OBJECTIVES: Improving foot orthoses (FOs) in patients with rheumatoid arthritis (RA) by using in-shoe plantar pressure measurements seems promising. The objectives of this study were to evaluate (1) the outcome on plantar pressure distribution of FOs that were adapted using in-shoe plantar pressure measurements according to a protocol and (2) the protocol feasibility.
METHODS: Forty-five RA patients with foot problems were included in this observational proof-of concept study. FOs were custom-made by a podiatrist according to usual care. Regions of Interest (ROIs) for plantar pressure reduction were selected. According to a protocol, usual care FOs were evaluated using in-shoe plantar pressure measurements and, if necessary, adapted. Plantar pressure-time integrals at the ROIs were compared between the following conditions: (1) no-FO versus usual care FO and (2) usual care FO versus adapted FO. Semi-structured interviews were held with patients and podiatrists to evaluate the feasibility of the protocol.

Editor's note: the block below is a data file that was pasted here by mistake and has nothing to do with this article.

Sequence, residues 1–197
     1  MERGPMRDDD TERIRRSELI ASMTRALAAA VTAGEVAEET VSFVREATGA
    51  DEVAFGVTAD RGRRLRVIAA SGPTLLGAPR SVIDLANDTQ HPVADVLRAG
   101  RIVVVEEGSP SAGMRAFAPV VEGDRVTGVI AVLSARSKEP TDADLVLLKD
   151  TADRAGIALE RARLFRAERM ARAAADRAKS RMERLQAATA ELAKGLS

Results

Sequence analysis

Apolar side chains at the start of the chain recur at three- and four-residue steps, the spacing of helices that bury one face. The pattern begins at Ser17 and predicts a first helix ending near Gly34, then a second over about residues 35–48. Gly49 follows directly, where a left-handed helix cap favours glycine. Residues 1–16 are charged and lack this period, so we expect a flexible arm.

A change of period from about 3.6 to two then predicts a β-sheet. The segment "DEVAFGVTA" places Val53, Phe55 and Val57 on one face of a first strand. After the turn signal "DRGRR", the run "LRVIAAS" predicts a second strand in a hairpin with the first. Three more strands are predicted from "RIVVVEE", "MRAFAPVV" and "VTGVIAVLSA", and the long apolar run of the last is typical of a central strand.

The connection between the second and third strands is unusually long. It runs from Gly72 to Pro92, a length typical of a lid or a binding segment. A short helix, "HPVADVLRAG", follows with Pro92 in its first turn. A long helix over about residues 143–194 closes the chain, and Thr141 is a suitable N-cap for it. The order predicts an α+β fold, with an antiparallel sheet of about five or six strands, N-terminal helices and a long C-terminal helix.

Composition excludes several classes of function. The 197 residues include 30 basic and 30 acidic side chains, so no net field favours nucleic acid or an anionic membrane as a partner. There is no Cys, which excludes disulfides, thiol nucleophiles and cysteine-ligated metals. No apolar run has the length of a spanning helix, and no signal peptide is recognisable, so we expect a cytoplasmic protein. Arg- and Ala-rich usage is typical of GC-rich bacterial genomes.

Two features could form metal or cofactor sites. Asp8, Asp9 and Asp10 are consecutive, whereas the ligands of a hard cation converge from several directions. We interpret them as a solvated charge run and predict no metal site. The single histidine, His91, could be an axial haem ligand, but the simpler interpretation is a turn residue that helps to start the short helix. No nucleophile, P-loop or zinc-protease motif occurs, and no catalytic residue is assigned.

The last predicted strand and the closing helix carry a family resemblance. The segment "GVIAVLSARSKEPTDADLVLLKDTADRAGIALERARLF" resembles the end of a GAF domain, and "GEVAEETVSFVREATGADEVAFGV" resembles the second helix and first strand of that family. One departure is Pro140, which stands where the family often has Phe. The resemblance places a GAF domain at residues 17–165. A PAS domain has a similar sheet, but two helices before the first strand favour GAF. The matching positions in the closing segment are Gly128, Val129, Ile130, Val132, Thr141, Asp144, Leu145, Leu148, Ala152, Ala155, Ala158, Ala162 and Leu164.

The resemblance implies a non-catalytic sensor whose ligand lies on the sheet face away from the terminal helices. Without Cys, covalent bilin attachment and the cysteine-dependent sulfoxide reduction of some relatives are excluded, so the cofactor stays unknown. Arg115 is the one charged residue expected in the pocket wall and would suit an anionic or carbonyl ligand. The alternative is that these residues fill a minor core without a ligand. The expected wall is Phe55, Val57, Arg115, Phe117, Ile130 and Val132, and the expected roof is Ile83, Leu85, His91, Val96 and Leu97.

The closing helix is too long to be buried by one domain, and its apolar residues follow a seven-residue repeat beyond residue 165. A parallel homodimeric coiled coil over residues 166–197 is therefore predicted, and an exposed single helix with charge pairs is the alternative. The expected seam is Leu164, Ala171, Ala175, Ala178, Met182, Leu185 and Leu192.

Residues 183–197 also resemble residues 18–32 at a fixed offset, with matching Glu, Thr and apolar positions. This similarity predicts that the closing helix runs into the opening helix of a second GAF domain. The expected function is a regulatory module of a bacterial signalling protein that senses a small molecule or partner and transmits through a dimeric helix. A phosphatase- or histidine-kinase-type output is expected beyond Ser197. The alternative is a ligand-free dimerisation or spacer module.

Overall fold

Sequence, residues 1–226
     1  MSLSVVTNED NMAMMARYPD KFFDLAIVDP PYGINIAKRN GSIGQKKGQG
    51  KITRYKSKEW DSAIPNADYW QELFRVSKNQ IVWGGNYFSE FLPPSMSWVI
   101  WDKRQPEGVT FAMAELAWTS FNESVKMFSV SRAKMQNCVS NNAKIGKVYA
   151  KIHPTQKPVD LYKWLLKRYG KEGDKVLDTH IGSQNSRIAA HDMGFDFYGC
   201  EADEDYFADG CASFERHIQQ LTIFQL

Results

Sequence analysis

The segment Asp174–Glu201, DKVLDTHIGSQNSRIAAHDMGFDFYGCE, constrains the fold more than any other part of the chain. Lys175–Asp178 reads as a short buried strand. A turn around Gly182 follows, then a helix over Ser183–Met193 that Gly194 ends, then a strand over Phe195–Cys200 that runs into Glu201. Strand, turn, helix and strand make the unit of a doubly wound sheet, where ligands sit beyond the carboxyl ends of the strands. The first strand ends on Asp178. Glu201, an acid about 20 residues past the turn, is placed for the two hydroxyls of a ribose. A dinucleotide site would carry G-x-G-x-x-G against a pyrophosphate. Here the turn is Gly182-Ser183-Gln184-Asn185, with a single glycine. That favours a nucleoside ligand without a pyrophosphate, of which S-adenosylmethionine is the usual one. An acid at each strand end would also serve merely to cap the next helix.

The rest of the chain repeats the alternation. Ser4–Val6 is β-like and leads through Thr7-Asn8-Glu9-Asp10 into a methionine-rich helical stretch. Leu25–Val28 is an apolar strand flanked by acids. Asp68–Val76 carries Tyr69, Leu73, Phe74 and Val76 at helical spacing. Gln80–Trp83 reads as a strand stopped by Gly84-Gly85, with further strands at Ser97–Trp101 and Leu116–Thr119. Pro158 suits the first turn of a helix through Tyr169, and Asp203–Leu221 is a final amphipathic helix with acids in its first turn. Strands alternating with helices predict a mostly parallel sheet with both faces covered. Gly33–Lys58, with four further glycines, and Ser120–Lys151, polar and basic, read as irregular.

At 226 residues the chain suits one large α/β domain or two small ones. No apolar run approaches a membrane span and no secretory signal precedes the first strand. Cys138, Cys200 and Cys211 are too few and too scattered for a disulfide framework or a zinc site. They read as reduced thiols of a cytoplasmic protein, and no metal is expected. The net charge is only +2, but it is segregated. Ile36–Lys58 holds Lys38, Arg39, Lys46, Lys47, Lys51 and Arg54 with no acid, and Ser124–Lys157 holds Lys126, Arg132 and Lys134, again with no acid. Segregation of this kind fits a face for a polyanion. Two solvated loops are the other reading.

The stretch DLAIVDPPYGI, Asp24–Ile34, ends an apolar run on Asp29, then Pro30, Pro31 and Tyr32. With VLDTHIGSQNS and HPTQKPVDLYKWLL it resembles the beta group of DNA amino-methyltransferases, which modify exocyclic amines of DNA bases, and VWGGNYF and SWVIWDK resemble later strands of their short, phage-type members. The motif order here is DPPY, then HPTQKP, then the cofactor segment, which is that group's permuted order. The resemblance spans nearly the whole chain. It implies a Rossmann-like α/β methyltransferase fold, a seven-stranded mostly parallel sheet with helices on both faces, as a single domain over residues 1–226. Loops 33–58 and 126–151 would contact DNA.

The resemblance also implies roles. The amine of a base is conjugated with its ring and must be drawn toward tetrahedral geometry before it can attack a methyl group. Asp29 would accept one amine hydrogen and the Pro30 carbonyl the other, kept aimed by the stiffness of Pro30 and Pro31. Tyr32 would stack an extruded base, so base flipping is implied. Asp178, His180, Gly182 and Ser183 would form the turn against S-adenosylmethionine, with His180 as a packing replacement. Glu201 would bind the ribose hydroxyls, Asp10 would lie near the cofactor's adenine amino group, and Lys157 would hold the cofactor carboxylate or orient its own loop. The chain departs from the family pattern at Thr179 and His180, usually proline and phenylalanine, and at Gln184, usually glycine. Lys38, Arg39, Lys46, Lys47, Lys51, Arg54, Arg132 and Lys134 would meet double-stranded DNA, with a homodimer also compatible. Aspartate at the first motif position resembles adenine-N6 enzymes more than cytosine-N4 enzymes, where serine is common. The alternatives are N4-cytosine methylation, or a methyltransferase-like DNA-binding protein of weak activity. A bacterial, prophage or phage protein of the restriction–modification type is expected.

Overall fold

RESULTS: Adapted FOs were developed in 70% of the patients. In these patients, usual care FOs showed a mean 9% reduction in pressure-time integral at forefoot ROIs compared to no-FOs (p=0.01). FO adaptation led to an additional mean 3% reduction in pressure-time integral (p=0.05). The protocol was considered feasible by patients. Podiatrists considered the protocol more useful to achieve individual rather than general treatment goals. A final protocol was proposed.
CONCLUSIONS: Using in-shoe plantar pressure measurements for adapting foot orthoses for patients with RA leads to a small additional plantar pressure reduction in the forefoot. Further research on the clinical relevance of this outcome is required.